Your morning roundup for Jan. 12, the day we learned another way to get rid of tumors. Photo via The Last Calrissian. Got any stories or photos for us? Tip your editors.

What we watched: Miami at Los Angeles Clippers. LeBron James shot 9-for-17 from the free-throw line, including 2-for-4 in the last 30 seconds. Every layup, jumper, and floater of his seemed to just rim out in the 4th, slowly shattering his confidence until he completely melted down at the line. It's amazing that Spoelstra continues to feature him in late-game situations. But the real question is, where's Norris Cole when you need him?

What we're watching (all times EST, unless noted): MLS Draft at 12 (ESPN2). Montreal at Boston in NHL hockey at 7 (NHL Network). New York at Memphis in NBA basketball at 8 (TNT). Orlando at Golden State in NBA basketball at 10:30 (TNT).

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Concussion awareness trickles down: "The first thing you learn when you ask high school football coaches about concussions is that the single biggest challenge is honest reporting. Although more than 60,000 concussions are diagnosed among precollegiate players every year, it's estimated that the true incidence is approximately 50 percent higher. 'These kids want to fight through it,' says Mike Fernandez, the full-time trainer for the Mater Dei football team. (Fernandez previously worked as a trainer for the U.S. Track & Field team.) 'They want to be brave for their friends. They also want to stay in the game.' The Mater Dei coaches deal with the problem of underreporting by insisting that players monitor each other and, if necessary, tell the staff when they suspect a teammate has suffered a concussion. 'I'm not going to be able to see every hit,' Fernandez says. 'It's a crowded field with lots of contact. That's why we make it clear that monitoring concussions is the responsibility of the entire team. If a buddy is out of it and you don't tell us, then that's on you.' Although the "team responsibility" approach hasn't eliminated underreporting, it has reduced it. According to the Mater Dei staff, the varsity team averages three to four concussions a month; the JV squad a few more." [Grantland]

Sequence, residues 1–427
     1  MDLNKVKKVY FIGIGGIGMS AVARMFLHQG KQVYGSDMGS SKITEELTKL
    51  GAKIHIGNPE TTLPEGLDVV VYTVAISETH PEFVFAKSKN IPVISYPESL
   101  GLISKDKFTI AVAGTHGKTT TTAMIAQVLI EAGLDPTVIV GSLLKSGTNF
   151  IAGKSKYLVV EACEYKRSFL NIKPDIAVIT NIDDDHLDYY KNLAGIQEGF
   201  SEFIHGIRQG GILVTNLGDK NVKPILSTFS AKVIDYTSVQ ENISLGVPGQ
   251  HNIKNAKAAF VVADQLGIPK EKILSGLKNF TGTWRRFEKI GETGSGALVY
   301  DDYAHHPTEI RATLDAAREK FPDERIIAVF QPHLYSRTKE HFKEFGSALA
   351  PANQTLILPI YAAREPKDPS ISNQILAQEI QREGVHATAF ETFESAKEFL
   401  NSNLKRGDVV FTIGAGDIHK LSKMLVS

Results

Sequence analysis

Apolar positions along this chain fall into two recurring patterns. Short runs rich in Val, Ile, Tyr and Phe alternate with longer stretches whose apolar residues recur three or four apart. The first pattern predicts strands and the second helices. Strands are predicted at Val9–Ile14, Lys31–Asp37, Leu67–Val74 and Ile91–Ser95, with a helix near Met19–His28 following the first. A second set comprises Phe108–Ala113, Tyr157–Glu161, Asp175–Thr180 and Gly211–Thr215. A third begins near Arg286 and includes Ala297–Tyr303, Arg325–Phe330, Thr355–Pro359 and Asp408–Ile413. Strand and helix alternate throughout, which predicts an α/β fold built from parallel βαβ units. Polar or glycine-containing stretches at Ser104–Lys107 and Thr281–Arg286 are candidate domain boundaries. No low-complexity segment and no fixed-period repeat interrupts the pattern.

This Date In Deadspin History

Jan. 12, 2007: That'll Be All For "Quite Frankly"


Cutting to the truth about the Celtics: "Mavericks guard Jason Terry has never been shy about voicing his opinion or talking trash. Most of the time he talks before and after games, but Wednesday, he threw a jab at the Celtics during the game. While doing a halftime interview with ESPN, Terry complimented Rajon Rondo while blasting the rest of Boston's roster. 'He's the only one with energy on their team,' Terry said. 'Everyone else is a little older and they're not running as fast.'" [Larry Brown Sports]